Babesia is a malaria-like parasite that infects red blood cells.  Classic babesia symptoms include drenching sweats anytime during the day and frequently at night.  Thermal dysregulation can go from feeling cold to chills to drenching sweat in minutes.  Headaches often in the front and sometimes in the back of your head, or your head feels like a vice grip.  Mood instability, insomnia, depression, anxiety, balance problems, or tinnitus change constantly and are caused by brain inflammation and meninges.  Heart palpitations or any cardiac irregularity (pulse, blood pressure).  Air hunger (gasping for a breath).  Severe babesia can mimic cancer.

Mycoplasma are the smallest of all bacteria.  They can change their shape and fit into areas other bacteria cannot.  It commonly infects the synovial lining of joints.  Fatigue is a common symptom.  Because it scavenges fats from the myelin sheath covering nerve tissue, mycoplasma is linked to RA, MS, ALS, and Parkinson’s.  Mycoplasma has been found in 75% of Lyme patients, 90% of RA patients, and 80% of Chronic Fatigue and Fibromyalgia patients.

Ehrlichiosis is a term that describes several different bacterial diseases, one of which is anaplasmosis.  The clinical presentations of ehrlichiosis and anaplasmosis are the same.  Symptoms include sudden high fever, fatigue, muscle aches, and headache.  The disease can be mild or life-threatening. Severely ill patients can have low white blood cell count, low platelet count, anemia, elevated liver enzymes, kidney failure, and respiratory insufficiency.  Ehrlichiosis/anaplasmosis is often suspected in a patient who does not respond well to treatment for Lyme disease.

Coxsackie viruses are very small viruses in the intestines and the stool. There are two main groups: type A and type B, each with smaller groups of different strains of coxsackie viruses.  Symptoms are fever, sore throat, diarrhea, vomiting, rash, muscle pains, liver inflammation, and inflammation of the heart sack.  Coxsackie virus is the causing agent for hand, foot, and mouth disease.  The virus can cause Bornoholm disease, an infection of the pleura (pleuritis) that results in severe chest pains.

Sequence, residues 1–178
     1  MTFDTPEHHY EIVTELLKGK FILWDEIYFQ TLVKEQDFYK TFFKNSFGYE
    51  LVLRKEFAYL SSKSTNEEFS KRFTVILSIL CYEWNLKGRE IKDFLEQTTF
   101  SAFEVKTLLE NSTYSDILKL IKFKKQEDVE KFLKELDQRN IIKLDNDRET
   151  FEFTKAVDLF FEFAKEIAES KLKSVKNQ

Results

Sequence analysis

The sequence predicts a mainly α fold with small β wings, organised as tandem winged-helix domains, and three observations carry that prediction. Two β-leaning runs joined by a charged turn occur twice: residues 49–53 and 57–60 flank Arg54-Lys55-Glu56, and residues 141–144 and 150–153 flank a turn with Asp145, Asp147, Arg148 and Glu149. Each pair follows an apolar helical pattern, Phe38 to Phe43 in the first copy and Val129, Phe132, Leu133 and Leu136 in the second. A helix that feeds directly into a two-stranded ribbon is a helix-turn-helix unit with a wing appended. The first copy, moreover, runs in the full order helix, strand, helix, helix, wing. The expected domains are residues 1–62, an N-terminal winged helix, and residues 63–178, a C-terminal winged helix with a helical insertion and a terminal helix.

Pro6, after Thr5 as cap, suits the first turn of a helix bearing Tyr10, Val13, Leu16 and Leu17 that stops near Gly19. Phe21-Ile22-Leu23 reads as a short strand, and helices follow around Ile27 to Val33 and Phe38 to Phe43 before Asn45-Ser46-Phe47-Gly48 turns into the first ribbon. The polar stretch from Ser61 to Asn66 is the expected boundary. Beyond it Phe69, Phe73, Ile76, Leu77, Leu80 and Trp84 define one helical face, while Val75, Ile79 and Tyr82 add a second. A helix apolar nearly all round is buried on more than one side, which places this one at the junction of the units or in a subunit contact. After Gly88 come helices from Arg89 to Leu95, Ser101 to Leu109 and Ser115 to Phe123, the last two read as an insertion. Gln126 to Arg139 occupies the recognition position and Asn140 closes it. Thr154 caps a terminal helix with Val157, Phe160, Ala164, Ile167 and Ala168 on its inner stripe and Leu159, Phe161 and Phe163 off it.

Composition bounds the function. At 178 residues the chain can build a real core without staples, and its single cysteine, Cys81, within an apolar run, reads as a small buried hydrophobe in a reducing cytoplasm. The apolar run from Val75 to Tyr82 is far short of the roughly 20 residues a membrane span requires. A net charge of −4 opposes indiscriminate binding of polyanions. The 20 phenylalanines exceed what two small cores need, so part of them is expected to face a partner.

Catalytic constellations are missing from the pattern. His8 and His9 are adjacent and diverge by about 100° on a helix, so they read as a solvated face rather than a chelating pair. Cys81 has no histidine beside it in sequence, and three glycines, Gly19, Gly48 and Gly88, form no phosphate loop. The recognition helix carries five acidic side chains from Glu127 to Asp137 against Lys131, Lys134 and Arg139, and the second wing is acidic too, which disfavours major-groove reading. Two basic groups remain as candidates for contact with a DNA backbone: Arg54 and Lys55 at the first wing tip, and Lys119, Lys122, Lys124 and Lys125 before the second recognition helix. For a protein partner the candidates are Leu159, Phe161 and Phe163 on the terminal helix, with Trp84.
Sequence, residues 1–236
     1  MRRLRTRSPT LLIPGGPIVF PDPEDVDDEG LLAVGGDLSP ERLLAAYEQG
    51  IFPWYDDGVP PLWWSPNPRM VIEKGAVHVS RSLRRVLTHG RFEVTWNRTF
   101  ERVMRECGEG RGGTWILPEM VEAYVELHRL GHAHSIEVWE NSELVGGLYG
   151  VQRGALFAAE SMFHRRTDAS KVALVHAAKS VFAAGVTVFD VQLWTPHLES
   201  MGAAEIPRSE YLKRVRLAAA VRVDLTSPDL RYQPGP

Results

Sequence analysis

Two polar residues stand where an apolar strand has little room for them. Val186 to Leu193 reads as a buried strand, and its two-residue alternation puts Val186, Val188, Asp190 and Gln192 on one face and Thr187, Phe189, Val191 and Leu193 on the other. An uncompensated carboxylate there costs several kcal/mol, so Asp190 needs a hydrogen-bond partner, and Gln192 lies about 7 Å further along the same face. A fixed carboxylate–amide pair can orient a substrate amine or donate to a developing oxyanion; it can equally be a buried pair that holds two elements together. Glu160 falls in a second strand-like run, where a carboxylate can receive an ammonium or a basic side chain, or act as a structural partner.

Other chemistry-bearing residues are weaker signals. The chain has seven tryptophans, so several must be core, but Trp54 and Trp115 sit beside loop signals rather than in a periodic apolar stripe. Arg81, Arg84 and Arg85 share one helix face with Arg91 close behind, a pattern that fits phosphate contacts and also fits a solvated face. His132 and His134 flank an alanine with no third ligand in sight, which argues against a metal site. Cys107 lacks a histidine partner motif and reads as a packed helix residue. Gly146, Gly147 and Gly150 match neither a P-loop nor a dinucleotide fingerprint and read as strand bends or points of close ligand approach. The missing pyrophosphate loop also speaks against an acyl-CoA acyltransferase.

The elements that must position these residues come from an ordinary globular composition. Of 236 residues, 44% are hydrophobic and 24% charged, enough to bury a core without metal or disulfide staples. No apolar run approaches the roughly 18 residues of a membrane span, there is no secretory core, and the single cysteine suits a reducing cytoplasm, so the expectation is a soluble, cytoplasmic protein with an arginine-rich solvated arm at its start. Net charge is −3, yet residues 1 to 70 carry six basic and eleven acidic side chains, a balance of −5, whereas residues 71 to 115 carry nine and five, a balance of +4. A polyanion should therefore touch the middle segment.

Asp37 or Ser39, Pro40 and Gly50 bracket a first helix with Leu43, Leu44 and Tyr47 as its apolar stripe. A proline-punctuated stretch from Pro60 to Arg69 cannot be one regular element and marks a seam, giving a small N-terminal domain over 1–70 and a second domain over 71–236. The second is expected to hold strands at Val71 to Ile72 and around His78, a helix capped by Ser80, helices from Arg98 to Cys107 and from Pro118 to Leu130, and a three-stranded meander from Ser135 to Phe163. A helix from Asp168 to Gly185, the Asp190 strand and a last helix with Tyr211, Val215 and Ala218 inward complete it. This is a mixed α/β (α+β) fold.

Chlamydia pneumoniae (CPN) is an intracellular bacteria that hijacks the energy of its human hosts by stealing energy from the cells to grow (ATP).  This often results in extreme exhaustion, but symptoms include burning pains in the chest, the bones, or the muscles.  It usually infects lung tissue but can spread to the connective tissues, nerve tissues, brain, and muscles.  It infects cells in veins and the lymphatic system.  Symptoms are broad and include pneumonia, meningoencephalitis, arthritis, myocarditis, connective tissue pains (fibromyalgia), asthma, infections of the airways, bronchitis, MS-like complaints, Gillian Barre, Alzheimer’s, atherosclerosis, and shortness of breath.

Epstein Barr Virus (EBV) is a viral illness in the same family as herpes and chickenpox.  EBV infects 95 percent of humans, but it is usually dormant in the body and rarely reactivates, usually only in times of stress.  Chronic EBV infection is only seen in people with immune problems, such as Lyme disease, transplant patients, HIV patients, or people born missing a part of their immune system or immune function.  Dormant viruses like EBV can be activated in the presence of Lyme disease.  This can accelerate debilitating fatigue and many other autoimmune and neurological symptoms.  Research repeatedly shows abnormal accumulations of EBV in MS patient’s brain lesions.  Patients suffering from other autoimmune diseases had similar findings regarding their pathological tissues.